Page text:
Pakistan’s former president Asif Ali Zardari has been assured by United States Senator John McCain that the bill to designate Islamabad as a state sponsor for terrorism will not be successful.
McCain is said to have pointed out that the bill had been moved by a small minority in Congress and would not garner support, reports the Express Tribune.
During telephonic conversation with Zardari on Friday, both the leaders also discussed bilateral and international issues.
While the former president insisting that Pakistan is a victim of terrorism itself and will never support it, McCain reportedly acknowledged the sacrifices made by Pakistan in the fight against terrorism.
The duo also agreed that it is in the interest of peace and stability that Pakistan continues to play its part in the fight against the global threat of terrorism. Zardari said that his country Pakistan wants to resolve the Kashmir issue through dialogue.
Earlier, two American lawmakers introduced legislation in the US Congress aimed at designating Pakistan as a state sponsor of terrorism.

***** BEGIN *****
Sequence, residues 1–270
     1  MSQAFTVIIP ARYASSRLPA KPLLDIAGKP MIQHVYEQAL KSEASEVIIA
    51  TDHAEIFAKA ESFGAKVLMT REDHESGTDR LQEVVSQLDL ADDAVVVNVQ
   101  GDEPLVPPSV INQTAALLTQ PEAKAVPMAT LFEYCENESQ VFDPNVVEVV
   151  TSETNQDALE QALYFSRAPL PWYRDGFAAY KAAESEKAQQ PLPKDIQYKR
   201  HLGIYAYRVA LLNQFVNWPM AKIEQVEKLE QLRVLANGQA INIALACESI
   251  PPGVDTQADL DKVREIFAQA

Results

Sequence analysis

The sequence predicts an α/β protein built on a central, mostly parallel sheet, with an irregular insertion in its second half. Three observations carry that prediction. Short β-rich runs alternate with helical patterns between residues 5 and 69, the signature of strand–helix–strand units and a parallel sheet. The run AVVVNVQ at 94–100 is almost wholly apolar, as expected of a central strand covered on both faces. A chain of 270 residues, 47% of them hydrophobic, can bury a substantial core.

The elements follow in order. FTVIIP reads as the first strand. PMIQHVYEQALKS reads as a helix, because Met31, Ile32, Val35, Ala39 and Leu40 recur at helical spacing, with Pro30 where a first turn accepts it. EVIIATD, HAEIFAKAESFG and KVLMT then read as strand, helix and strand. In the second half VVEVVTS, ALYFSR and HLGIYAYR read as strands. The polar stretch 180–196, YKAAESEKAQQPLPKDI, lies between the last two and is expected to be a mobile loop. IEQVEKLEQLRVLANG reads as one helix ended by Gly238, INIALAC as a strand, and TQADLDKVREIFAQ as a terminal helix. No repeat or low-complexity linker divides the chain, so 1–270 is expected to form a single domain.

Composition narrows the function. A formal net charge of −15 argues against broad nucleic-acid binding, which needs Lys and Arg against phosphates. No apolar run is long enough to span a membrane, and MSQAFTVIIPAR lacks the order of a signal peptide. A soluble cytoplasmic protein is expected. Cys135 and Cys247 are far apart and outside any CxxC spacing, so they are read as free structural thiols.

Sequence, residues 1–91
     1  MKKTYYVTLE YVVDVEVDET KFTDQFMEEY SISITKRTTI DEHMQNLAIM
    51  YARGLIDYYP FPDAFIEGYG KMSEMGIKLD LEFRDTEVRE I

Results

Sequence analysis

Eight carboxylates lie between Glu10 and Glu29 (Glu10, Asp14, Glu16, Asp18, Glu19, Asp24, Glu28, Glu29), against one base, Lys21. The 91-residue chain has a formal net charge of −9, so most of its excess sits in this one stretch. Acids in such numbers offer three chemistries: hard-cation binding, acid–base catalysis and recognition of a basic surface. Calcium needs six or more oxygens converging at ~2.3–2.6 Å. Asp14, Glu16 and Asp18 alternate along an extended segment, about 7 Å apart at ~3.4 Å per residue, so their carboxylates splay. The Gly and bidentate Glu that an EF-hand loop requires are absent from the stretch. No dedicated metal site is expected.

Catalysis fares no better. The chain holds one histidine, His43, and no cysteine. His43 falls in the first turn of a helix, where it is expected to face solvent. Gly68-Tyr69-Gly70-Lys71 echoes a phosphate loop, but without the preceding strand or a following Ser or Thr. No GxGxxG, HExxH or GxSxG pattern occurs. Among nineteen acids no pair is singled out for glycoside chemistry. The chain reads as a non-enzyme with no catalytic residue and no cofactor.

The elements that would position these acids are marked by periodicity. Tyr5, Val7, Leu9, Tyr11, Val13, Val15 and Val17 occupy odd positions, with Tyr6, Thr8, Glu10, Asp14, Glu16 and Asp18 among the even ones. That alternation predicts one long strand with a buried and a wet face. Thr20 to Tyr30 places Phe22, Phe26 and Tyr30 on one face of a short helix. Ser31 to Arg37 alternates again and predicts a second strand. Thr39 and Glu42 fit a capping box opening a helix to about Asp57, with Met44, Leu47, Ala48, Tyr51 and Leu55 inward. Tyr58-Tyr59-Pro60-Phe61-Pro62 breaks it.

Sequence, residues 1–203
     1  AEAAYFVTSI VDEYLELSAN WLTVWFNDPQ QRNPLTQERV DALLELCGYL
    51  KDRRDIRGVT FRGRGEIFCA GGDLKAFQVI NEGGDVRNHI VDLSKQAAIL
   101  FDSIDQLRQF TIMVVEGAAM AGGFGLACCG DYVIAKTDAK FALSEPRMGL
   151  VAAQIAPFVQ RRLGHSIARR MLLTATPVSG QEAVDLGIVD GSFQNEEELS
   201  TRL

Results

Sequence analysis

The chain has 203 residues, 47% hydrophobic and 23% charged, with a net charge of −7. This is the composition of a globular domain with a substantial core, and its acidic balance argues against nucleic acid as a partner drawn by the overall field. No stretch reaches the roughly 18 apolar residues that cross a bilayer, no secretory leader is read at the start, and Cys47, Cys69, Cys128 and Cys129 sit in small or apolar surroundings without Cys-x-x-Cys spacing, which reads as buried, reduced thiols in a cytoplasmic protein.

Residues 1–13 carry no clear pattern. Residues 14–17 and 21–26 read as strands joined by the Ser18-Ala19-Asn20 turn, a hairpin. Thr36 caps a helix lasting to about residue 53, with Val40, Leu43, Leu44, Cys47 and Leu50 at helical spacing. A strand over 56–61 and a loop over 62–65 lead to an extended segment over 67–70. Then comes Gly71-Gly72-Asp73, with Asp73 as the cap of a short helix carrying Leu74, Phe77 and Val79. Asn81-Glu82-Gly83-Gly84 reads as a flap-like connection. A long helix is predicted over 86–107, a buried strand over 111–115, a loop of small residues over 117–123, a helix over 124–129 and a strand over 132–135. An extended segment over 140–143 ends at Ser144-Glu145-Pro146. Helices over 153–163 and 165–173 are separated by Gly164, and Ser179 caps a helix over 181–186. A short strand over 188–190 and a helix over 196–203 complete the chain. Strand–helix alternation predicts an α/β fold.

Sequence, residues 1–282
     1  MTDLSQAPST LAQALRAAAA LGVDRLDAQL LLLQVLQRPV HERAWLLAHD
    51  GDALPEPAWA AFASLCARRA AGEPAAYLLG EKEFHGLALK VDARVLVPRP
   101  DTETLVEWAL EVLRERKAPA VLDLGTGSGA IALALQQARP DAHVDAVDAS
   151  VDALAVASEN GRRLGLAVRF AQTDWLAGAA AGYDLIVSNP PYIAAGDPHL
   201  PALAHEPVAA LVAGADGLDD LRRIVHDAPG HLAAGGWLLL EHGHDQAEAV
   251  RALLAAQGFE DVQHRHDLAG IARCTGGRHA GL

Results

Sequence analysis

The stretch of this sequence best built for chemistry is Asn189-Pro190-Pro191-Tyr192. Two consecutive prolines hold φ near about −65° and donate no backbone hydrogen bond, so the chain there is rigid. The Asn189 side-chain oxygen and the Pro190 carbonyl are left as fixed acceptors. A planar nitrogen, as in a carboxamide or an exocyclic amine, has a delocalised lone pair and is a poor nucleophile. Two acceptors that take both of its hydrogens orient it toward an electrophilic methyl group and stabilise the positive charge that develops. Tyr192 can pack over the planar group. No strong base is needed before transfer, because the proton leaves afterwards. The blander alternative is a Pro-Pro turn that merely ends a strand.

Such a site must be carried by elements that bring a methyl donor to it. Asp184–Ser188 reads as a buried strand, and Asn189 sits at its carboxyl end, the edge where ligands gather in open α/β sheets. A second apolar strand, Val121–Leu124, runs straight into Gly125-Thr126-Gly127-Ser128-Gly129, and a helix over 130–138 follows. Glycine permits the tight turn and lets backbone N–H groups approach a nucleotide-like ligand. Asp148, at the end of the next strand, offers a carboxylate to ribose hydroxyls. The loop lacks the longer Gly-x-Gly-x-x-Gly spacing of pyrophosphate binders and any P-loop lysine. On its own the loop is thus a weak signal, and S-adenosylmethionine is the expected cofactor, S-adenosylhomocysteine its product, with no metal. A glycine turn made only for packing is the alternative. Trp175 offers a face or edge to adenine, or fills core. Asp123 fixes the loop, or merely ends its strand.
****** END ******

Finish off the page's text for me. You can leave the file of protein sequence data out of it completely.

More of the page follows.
The bill was moved by Congressman Ted Poe from Texas, who is the chairman of the House Subcommittee on Terrorism, and Congressman Dana Rohrabacher.
Poe in the statement also pointed out that Islamabad has also aided and abetted enemies of the United States for years.
“Not only is Pakistan an untrustworthy ally, Islamabad has also aided and abetted enemies of the United States for years. From harboring Osama bin Laden to its cozy relationship with the Haqqani network, there is more than enough evidence to determine whose side Pakistan is on in the War on Terror. And it’s not America’s,” Poe said in a statement while announcing the bill.
He said that the bill will require the administration to formally answer this question and the President must issue a report within 90 days of passage detailing whether or not Pakistan has provided support for international terrorism.